AfterwardsJanuary 14, 2009
Nathan, a brilliant New York lawyer who leads a life of professional success, but his private life is pretty dismal since he divorced Claire…
Release Year: 2008
Rating: 5.8/10 (1,719 voted)
Stars: Romain Duris, John Malkovich, Evangeline Lilly
Nathan, a brilliant New York lawyer who leads a life of professional success, but his private life is pretty dismal since he divorced Claire, his only love. Until he meets Doctor Kay, a mysterious doctor who introduces himself as a "Messenger." He claims that he can sense when certain people are about to die, and that he is sent to help them put their life in order before it's too late. Nathan doesn't believe a word of this, but soon afterwards he witnesses some disconcerting scenes which seem to confirm the doctor's claims.
Writers: Michel Spinosa, Gilles Bourdos
(as Reece Daniel Thompson)
Mother in law
Release Date: 14 January 2009
Filming Locations: Alamogordo, New Mexico, USA
Box Office Details
Opening Weekend: €825,672
(18 January 2009)
(25 January 2009)
(Toronto International Film Festival)
Did You Know?
Several of the crew had already worked with director/co-writer Gilles Bourdos on other films, such as co-writer Michel Spinosa, a collaborator of Bourdos' ever since the start of his career, and cinematographer Ping Bin Lee who served the same duties on
A Sight for Sore Eyes.
Crew or equipment visible:
In the scene where Nathan approaches an ambulance from behind, his feet are reflected in the shiny metal at the bottom of the vehicle's rear doors. Also reflected are the feet of the cameraman following him.
A film about learning how to live
For a movie that concerned itself so much with death and dying, I was
surprised at how much it said about life and learning how to live.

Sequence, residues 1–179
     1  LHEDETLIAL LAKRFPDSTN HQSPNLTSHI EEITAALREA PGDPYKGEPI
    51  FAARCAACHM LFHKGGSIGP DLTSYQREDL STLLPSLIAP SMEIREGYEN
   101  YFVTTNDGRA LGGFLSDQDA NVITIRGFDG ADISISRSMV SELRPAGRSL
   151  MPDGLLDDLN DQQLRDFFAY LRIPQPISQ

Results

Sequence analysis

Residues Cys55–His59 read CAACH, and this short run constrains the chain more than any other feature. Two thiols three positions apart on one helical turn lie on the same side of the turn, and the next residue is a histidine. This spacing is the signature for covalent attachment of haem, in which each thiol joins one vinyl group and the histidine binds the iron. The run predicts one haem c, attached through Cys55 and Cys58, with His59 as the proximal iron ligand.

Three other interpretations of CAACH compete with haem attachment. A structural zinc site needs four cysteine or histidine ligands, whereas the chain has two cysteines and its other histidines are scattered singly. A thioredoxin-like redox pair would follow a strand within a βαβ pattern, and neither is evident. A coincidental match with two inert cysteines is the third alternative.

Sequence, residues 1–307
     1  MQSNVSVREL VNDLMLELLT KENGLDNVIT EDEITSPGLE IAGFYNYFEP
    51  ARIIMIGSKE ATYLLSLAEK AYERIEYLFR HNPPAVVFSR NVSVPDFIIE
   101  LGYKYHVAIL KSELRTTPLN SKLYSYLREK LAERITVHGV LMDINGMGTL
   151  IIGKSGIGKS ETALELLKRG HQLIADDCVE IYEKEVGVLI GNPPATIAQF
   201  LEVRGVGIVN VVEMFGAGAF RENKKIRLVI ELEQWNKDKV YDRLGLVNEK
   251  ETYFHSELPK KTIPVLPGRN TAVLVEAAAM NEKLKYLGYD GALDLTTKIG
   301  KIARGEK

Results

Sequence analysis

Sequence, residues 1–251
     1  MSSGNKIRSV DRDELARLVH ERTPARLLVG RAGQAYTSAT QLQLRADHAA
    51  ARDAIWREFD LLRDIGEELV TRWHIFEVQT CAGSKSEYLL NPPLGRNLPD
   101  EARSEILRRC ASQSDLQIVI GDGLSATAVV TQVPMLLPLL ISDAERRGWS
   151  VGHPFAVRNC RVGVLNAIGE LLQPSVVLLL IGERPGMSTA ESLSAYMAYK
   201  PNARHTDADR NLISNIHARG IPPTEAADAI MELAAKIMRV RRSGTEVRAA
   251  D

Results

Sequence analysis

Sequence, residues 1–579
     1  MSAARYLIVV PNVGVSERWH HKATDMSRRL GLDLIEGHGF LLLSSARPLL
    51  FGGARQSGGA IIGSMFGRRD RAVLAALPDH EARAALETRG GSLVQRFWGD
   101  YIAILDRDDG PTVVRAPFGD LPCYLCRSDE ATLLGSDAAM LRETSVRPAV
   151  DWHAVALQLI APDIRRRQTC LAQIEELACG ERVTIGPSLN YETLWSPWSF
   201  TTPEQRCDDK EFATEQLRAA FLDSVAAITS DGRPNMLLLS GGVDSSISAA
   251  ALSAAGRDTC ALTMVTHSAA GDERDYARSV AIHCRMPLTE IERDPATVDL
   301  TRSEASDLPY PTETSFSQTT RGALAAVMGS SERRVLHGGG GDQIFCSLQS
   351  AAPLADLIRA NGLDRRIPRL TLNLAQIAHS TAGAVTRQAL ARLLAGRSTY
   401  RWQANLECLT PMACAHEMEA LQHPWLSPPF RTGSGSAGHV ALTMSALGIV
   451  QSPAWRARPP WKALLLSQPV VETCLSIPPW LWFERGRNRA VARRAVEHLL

Anyone who has been through a period of personal evolution will be able
to relate to the main character as he reflects on the past events of
his life and begins to change the dynamic of how he lives going
forward. Those who haven't already reached these conclusions on their
own will probably find it more difficult to understand.
I believe the reserved performance by the main character was a perfect
representation of a man who is led by his career and by practical
matters, and has shut himself off from his emotions and any real sense
of living. Malkovich plays the somewhat creepy, mysterious benefactor
of insights unseen (until the end of the movie) and delivers everything
you'd expect from him in such a role. The female characters generate
the same sympathy and compassion from the audience as they do from
their male counterparts in the film, and that's why this movie works.
If we are moved, we understand how they would be moved.
Preparing oneself to die by truly embracing life is not the theme I was
expecting from this movie, but it's probably a better one than what I
was looking for. I generally classify movies like this as "must see"
films because anyone that hasn't figured something like this out on
their own, really should. And the sooner, the better.